How to Run a Restaurant in the Middle of the Indian Ocean
Situated on a tiny coral structure off the East Coast of Zanzibar, The Rock is an almost painfully postcard-perfect restaurant.
All photos by Colin Cosier.
Perched on a tiny coral structure in the middle of the Indian Ocean is a restaurant known as The Rock. At high tide, it can be accessed by a short boat ride. When the tide is low, it's possible to walk there over the sands. The only permanent inhabitants are birds.
Situated in Michamvi Pingwe village on the East Coast of Zanzibar off Tanzania, The Rock is an almost painfully postcard-perfect restaurant. It has 12 tables all, ideal for gazing out from at the traditional wooden dhows sailing past on the horizon.
When I arrive, the only other customers are a couple of friends enjoying cocktails in the sun on the terrace. They move inside for their meal but since every seat in the house has ocean views, it's not a huge compromise.
This is the second visit to The Rock for British tourist Rachel Coffey.
"A friend who is a real foodie recommended it originally and he'd been here before," she says. "I saw the photos and thought I just have to come."
It seems the key to attracting the "foodies" is simplicity, as The Rock's chef Shariff Mussa explains.
"Source the best fresh local seafood, baste it in a simple sauce, and barbecue it over an open flame," he tells me. "In other words, just let the seafood speak for itself."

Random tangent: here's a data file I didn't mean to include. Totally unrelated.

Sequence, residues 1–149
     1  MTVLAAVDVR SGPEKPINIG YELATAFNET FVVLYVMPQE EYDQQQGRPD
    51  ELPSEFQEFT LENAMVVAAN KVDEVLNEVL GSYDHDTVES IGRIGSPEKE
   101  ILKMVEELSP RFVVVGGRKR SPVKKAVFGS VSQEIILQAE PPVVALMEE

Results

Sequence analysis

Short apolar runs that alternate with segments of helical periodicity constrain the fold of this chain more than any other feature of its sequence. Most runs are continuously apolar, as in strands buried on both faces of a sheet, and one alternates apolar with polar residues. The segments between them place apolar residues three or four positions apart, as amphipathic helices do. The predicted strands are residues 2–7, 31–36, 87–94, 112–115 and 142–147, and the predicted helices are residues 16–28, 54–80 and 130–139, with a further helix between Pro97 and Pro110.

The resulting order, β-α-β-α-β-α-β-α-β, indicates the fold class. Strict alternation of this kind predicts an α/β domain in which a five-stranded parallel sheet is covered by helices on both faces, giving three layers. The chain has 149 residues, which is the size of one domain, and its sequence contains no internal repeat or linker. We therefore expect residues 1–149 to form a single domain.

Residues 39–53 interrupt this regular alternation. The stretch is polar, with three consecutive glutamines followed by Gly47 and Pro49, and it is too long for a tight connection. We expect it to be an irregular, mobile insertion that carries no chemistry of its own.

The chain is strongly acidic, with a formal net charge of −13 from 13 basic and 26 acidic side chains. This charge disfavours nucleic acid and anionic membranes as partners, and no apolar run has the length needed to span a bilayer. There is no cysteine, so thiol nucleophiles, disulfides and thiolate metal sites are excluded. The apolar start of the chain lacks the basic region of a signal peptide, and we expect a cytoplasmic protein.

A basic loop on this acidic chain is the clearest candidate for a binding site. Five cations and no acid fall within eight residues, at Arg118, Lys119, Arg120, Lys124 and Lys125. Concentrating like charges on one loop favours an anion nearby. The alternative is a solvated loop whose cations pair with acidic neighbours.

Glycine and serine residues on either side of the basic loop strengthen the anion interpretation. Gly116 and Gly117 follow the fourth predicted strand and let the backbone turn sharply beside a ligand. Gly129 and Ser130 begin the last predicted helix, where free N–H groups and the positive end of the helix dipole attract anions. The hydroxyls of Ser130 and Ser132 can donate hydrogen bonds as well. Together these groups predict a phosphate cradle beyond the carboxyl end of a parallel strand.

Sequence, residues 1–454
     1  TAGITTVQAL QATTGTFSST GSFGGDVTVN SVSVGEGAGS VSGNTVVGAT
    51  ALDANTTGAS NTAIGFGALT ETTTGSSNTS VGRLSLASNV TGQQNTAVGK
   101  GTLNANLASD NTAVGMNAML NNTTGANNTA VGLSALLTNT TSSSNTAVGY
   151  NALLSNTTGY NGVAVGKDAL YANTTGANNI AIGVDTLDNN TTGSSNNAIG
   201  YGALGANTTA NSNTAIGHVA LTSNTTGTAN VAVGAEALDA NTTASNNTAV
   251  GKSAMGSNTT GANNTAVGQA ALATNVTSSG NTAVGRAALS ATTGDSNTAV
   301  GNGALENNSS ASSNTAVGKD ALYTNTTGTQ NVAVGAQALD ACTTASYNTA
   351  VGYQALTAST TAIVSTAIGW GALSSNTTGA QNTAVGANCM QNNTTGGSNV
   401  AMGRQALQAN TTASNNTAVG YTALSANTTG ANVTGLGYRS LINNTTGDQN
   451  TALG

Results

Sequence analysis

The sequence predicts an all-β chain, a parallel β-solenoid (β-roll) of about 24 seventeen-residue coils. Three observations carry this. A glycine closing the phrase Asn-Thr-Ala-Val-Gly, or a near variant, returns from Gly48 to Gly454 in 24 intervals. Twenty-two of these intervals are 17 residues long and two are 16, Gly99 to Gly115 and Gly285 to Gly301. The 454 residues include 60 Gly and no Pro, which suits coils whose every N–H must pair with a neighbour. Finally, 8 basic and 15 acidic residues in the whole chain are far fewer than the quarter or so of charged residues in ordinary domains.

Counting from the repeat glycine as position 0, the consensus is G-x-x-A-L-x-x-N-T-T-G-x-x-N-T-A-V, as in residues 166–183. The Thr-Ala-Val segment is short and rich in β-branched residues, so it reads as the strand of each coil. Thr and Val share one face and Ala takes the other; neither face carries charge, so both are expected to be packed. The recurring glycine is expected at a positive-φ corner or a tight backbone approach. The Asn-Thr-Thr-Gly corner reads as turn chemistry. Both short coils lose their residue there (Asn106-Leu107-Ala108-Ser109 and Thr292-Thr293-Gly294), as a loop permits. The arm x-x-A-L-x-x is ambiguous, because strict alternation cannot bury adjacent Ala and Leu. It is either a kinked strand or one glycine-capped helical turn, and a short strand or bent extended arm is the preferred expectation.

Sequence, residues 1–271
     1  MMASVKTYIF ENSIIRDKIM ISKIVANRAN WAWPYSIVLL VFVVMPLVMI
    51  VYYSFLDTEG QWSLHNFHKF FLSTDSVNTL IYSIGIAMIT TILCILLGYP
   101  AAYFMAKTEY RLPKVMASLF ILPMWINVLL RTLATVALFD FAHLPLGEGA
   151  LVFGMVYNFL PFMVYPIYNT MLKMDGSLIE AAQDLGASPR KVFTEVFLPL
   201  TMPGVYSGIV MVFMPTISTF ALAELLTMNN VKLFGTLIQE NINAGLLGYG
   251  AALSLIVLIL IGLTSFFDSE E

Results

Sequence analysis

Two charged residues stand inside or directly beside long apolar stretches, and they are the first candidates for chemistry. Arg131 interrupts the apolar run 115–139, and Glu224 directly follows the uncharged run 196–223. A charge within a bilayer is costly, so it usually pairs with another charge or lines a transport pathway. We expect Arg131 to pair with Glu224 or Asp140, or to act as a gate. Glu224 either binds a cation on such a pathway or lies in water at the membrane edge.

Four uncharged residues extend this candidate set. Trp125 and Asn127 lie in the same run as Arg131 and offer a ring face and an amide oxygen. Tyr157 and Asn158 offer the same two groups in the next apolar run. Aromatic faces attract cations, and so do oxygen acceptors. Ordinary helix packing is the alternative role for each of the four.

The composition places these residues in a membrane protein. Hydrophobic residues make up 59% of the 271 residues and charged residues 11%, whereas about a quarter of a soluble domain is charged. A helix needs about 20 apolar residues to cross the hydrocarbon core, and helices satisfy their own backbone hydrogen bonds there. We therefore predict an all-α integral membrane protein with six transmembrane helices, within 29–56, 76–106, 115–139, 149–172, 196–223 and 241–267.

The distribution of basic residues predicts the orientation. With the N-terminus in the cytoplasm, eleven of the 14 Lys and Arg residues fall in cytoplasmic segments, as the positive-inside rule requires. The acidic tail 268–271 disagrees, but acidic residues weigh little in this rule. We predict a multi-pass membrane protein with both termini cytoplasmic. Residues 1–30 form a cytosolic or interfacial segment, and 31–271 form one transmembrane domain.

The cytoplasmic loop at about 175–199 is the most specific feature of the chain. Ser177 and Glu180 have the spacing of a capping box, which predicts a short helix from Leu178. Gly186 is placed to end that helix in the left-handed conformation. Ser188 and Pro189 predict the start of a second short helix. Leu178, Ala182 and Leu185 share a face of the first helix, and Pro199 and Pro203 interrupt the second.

This was certainly enough to win Coffey over.
"Last time I saw people having The Rock Special and I had food envy so I decided we had to have it this time," she says.
The Rock Special is a decadent seafood platter of local delights including lobster, cigal or slipper lobster, jumbo prawns, and marinated king fish served with a side of potatoes, salad, and topped with rounds of juicy local limes.
In a sleepy fishing village like Michamvi Pingwe, the local fishermen supply The Rock directly with freshly caught seafood. They deliver their produce on foot in the mornings at low tide and make the deliveries by boat when the water is high.
Mussa's preferred marinade for their seafood offerings is a blend of mustard, vinegar, onion, garlic, spices, extra virgin olive oil, salt, and pepper. He also tells me to try the cigal as its meat is sweeter than lobster.
Customers can time their arrival to The Rock with the movements of the tide and the sun. Sittings are booked in two-hour intervals throughout the day and evening, seven days a week. I visit during the 4 PM to 6 PM slot, catching the end of high tide and sunset. Daytime sittings are also good for long lunches but from around 11 AM until 2 PM, the tide ride recedes out to the horizon.
When we've had our fill of seafood and selfies, we head back to the mainland to sample a Stone Town street food called urojo. The light and sour soup consists of barbecued meat, potato, boiled egg, fried pakoras, and fresh cucumber in a turmeric and coconut broth topped with crunchy cassava shavings and tamarind or Piri-Piri sauce.
But back on its coral ledge, The Rock will continue to keep things simple.